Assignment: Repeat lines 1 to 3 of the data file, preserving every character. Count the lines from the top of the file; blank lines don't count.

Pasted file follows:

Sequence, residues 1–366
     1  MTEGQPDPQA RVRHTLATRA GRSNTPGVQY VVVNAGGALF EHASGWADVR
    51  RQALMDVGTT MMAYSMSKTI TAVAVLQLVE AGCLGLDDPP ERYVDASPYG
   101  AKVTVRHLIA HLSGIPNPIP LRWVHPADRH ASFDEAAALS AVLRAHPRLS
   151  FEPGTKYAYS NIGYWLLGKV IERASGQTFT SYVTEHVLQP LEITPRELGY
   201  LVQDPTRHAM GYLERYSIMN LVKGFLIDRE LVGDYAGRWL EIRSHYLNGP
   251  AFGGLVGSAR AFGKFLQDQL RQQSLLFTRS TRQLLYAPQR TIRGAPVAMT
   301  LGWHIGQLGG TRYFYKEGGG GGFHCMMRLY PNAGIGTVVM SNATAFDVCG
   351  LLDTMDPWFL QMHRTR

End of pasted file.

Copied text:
Sequence, residues 1–366
     1  MTEGQPDPQA RVRHTLATRA GRSNTPGVQY VVVNAGGALF EHASGWADVR
    51  RQALMDVGTT MMAYSMSKTI TAVAVLQLVE AGCLGLDDPP ERYVDASPYG